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Decreased Proteasomal Function Induces Neuronal Loss and Memory Impairment

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Title: Decreased Proteasomal Function Induces Neuronal Loss and Memory Impairment
Authors: Tomaru, Utano Browse this author →KAKEN DB
Ito, Tomoki Browse this author
Ohmura, Yu Browse this author →KAKEN DB
Higashikawa, Kei Browse this author →KAKEN DB
Miyajima, Syota Browse this author
Tomatsu, Ruka Browse this author
Higashi, Tsunehito Browse this author →KAKEN DB
Ishizu, Akihiro Browse this author →KAKEN DB
Kuge, Yuji Browse this author →KAKEN DB
Yoshioka, Mitsuhiro Browse this author →KAKEN DB
Kasahara, Masanori Browse this author →KAKEN DB
Issue Date: Jan-2021
Publisher: Elsevier
Journal Title: The American Journal of Pathology
Volume: 191
Issue: 1
Start Page: 144
End Page: 156
Publisher DOI: 10.1016/j.ajpath.2020.10.004
Abstract: Alzheimer disease (AD) is a progressive neurodegenerative disorder and the most common type of dementia worldwide. There is considerable evidence of age-related disruption of proteostasis being responsible for the development of AD. The proteasome is a multicatalytic enzyme complex that degrades both normal and damaged proteins, and an age-related decline in its activity has been implicated in age-related pathologies. Although proteasomal dysfunction is assumed to be a key AD hallmark, it remains unclear whether its role in disease onset is causative or secondary. In this study, we demonstrate that mice with proteasomal dysfunction exhibited memory impairment with associated neuronal loss, accumulation of phosphorylated tau, and activation of endoplasmic reticulum (ER) stress-related apoptosis pathways. Impaired proteasomal activity also activated ER stress-related apoptosis pathways in HT-22, a murine hippocampal neuronal cell line. HT-22 cell death, caused by proteasomal inhibition, was prevented by an inhibitor of c-Jun N-terminal kinase, an ER stress-related molecule. Collective evidence suggests that impaired proteasomal activity alters proteostasis, and subsequent ER stress-mediated pathways play pivotal roles in neuronal loss. Because aging decreases proteasomal function, age-related impairment of proteasomes may be involved in the development and progression of AD in elderly patients.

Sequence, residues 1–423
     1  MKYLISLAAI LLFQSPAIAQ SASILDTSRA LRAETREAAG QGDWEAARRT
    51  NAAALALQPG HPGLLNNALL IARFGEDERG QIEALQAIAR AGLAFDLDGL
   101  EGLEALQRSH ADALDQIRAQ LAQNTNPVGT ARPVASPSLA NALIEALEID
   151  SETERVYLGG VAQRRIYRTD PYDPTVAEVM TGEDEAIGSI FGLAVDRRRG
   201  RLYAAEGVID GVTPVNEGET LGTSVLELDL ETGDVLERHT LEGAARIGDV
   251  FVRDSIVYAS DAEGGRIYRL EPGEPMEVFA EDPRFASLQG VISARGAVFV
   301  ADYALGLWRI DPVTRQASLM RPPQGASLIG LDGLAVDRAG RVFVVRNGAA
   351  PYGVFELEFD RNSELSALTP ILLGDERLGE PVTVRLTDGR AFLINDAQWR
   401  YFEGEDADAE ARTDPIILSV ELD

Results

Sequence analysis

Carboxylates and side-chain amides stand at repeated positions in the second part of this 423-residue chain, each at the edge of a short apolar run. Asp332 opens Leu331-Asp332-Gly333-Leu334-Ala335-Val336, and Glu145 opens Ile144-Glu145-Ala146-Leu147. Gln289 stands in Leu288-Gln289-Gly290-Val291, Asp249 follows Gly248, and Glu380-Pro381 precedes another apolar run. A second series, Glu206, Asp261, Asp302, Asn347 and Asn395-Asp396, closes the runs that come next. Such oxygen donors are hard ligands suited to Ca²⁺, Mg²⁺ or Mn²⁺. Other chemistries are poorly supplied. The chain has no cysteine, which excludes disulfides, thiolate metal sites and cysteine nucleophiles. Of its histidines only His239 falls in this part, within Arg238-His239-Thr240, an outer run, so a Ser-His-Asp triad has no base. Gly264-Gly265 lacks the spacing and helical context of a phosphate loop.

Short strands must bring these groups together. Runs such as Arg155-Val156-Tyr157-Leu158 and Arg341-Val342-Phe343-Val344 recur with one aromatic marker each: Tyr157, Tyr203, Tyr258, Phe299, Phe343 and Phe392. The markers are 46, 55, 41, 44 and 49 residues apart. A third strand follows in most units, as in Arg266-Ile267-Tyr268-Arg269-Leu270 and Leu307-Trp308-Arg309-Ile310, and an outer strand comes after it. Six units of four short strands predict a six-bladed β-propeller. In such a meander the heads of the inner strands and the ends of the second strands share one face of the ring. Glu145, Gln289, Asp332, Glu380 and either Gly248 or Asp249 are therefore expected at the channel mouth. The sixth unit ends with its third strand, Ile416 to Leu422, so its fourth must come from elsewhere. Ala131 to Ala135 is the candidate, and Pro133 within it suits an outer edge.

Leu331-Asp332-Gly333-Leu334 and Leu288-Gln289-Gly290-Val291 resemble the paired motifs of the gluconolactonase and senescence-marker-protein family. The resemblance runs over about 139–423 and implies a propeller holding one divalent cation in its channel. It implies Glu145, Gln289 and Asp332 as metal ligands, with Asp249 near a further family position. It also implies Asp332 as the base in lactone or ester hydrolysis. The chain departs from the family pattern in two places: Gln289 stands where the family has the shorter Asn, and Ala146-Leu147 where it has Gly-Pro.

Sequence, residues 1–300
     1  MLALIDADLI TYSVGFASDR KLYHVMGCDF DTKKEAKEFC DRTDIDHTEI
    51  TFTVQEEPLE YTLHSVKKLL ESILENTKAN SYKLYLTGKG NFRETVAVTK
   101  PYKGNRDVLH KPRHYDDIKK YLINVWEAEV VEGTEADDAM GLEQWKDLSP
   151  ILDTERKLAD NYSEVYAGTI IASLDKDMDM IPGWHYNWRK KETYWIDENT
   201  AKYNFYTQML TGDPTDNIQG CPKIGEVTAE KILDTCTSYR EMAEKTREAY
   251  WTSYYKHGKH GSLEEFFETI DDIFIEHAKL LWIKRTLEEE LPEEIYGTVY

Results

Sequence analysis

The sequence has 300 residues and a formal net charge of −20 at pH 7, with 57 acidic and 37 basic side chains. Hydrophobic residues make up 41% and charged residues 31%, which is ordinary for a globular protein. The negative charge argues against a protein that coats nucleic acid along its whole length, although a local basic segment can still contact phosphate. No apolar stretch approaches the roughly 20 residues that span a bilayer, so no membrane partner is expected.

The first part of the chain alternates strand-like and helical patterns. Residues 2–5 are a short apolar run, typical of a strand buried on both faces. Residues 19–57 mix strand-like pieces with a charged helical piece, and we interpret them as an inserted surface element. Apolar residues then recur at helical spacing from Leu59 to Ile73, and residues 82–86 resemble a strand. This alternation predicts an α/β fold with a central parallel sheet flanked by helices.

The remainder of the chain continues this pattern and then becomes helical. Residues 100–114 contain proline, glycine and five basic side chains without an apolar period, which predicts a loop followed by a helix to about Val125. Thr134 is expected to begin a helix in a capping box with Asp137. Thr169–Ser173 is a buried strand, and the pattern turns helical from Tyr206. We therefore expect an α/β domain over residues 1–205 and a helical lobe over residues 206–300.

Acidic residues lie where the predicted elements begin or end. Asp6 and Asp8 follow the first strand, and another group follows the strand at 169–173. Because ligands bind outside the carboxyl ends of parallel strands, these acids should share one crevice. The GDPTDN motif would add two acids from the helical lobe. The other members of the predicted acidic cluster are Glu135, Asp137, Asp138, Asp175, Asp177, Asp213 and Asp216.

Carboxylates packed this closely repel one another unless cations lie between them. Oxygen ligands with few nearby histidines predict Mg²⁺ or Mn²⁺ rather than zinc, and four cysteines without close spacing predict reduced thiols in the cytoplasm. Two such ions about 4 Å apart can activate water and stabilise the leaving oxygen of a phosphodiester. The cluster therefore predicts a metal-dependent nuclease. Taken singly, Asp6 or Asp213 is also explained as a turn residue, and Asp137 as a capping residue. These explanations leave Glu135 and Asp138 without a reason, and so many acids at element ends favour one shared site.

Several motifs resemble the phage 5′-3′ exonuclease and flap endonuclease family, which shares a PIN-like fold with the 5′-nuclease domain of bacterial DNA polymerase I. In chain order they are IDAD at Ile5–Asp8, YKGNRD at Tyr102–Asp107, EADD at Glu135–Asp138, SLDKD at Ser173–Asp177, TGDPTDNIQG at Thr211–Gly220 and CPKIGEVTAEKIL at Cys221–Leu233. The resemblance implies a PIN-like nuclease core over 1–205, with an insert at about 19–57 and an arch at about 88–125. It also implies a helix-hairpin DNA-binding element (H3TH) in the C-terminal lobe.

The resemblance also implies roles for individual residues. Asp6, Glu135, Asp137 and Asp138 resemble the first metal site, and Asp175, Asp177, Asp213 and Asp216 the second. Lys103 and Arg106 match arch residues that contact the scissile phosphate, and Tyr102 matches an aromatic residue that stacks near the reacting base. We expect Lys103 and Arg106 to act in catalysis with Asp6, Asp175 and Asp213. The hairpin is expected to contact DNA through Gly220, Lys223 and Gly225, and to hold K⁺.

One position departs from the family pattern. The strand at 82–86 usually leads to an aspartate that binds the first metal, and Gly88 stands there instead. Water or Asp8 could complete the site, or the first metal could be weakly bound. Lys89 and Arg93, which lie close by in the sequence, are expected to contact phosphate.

Type: article
Appears in Collections:医学院・医学研究院 (Graduate School of Medicine / Faculty of Medicine) > 雑誌発表論文等 (Peer-reviewed Journal Articles, etc)

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